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A rose by any other name would not smell as sweet, Jim Cramer told viewers of his "Mad Money" TV show Monday, referring to
Until now, people have probably never heard of Rosetta, he said, but it's likely they do remember the bankrupt Calpine Power.
Rosetta, one of the best and cheapest oil companies around, was formed to buy Calpine's oil and natural gas assets for "way less than they were worth," before the big lift in energy prices, Cramer explained.
Now under a different outfit and different name, Rosetta has been able to develop its assets and increase production because it can afford to drill, he said. This year the company expects to increase production by 36%. It is an "oil and gas accelerated growth play," Cramer said.
"Rosetta isn't just undervalued; some would say it's criminally mispriced," he went on to say. If more market players were paying attention to it, Rosetta wouldn't be this cheap, Cramer said. And now they will be.
"ROSE is a little oil company with stellar growth and very little coverage," he said.
Further, although it's true that Calpine's creditors can try to go after the assets it tried to sell to Rosetta before Calpine went bankrupt, Cramer believes that the creditors are doing too well to try to go after Rosetta and would probably fail if they did.
"The Calpine worry is overdone," he said. Though it's definitely time to stop and buy Rosetta, "take your time and use limit orders," Cramer urged.
On March 16, Cramer recommended
, and since then the stock has moved up significantly, he told his viewers.
"I nailed Nastech because I know how biotech stocks work," Cramer said. "I believe I've got another Nastech, and the stock is
Incyte, like Rosetta, is probably another stock investors have never heard of, Cramer said. But it's very similar to Nastech. With these stocks, people chase "the stuff dreams are made of," Cramer said.
These companies don't trade on nonexistent earnings; "they trade on hope," with the "sensible expectation" that someday they might develop a "promising" drug, he said.
When looking at stocks "that go on dreams," people should want two things, Cramer said. First, they should want a company that is developing drugs for several different markets, and second, the stocks must have "big end markets," he said.
Incyte doesn't have any drugs in phase III, but "it has potentially positive catalysts coming out soon," Cramer continued. He advised people to get into the stock before it releases its phase I and phase II data later on in the year.
One piece of news should take Incyte higher, and there's not much downside, Cramer said, suggesting that investors wait until Thursday when it might come down a bit to pull the trigger.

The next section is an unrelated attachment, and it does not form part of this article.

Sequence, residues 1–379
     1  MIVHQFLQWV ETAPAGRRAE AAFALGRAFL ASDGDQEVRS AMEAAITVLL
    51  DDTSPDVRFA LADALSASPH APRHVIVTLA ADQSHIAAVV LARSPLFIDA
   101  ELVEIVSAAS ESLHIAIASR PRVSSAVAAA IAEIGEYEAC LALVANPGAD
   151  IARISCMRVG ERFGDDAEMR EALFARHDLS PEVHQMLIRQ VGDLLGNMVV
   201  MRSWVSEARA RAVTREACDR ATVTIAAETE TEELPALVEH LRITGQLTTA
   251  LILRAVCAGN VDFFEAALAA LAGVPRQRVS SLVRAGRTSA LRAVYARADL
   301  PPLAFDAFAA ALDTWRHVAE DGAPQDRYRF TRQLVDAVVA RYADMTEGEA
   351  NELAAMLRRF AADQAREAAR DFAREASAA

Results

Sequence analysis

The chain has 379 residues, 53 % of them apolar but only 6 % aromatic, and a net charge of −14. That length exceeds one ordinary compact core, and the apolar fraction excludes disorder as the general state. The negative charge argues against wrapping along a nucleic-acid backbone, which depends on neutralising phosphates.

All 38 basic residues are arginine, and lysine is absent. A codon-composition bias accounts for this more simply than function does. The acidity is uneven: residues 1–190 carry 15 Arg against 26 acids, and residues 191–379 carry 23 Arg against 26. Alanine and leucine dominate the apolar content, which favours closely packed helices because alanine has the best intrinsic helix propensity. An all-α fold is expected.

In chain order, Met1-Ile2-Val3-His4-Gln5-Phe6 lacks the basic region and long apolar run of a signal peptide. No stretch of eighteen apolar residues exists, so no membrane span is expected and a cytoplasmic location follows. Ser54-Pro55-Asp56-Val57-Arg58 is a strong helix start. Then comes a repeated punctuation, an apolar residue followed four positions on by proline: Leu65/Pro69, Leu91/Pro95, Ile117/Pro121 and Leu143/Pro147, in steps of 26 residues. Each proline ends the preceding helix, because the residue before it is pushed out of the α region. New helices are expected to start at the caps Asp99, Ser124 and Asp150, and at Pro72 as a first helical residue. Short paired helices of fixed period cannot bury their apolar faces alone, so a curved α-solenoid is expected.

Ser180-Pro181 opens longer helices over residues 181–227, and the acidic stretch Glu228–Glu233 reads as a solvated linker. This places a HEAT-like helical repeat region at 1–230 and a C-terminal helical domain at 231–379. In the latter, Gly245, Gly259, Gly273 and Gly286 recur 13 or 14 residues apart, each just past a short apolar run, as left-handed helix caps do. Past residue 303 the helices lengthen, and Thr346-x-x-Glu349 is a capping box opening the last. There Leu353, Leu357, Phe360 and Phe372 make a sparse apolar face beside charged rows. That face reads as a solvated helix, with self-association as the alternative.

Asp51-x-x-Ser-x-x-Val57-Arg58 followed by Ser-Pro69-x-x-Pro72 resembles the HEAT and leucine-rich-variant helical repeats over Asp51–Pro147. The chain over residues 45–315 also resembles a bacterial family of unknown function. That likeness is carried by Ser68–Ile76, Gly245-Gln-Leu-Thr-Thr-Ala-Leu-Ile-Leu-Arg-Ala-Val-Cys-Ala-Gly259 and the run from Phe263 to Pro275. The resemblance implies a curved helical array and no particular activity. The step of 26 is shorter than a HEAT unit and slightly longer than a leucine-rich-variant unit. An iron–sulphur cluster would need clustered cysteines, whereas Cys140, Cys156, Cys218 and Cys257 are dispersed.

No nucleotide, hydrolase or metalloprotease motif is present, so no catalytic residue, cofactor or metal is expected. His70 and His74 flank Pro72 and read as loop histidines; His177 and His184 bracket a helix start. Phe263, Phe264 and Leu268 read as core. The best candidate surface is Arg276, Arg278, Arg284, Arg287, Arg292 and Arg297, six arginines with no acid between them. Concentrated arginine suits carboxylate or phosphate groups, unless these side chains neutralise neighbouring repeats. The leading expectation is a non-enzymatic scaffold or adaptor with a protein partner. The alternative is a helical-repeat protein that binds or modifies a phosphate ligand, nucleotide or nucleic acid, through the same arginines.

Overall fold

Lose or Win
are in the midst of a bidding war for DoubleClick, and the winner of the war will be either
, Cramer told his viewers.
"I believe one of these two companies will be bought by one of the losers of the auction," he said. But to understand this methodology, first people need to understand the dynamics of a bidding war, Cramer said.
In the bidding war only one -- Google or Microsoft -- will win, and one will lose, he explained. It doesn't matter which one wins and which one loses, because in either case, the loser will still want an acquisition in the space, Cramer said. "There will be a consolation prize."
is also interested in buying ValueClick or aQuantive, and it seems that
, which Cramer owns for his charitable trust,
Action Alerts PLUS, is, too, Cramer said. There are so many potential buyers and only two targets, he said.
Furthermore, the fundamentals in both ValueClick's and aQuantive's cases are good here, Cramer said. "The stocks can hold their own if they don't get acquired." Cramer believes that they're both buys on their earnings alone.
CEO Jordan Greenhall joined Cramer on his show and said DivX's better-than-expected quarter "wasn't that surprising."
There was a "strong performance" across the board, Greenhall said.
When Cramer asked the chief executive to explain video compression, a process that reduces data quantity (and technology for which DivX is known), Greenhall said the idea behind it is "to take Internet at the center and move it out to any device you can think of."
Further, Greenhall said he had no comment on whether or not DivX was planning to give a secondary offering to investors. As a public company, he said, DivX looks at the best way to deal with finances, but as of now, there are no plans for a seconfary offering.
Cramer thanked him for being honest and said he believes that the stock is going higher.
To view Cramer's interview with Jordan Greenhall, please click here.
Cramer was bullish on
Research In Motion
Cramer was bearish on
Hudson City Bancorp
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At the time of publication, Cramer was long Toyota Motor, Yahoo! and Sears.
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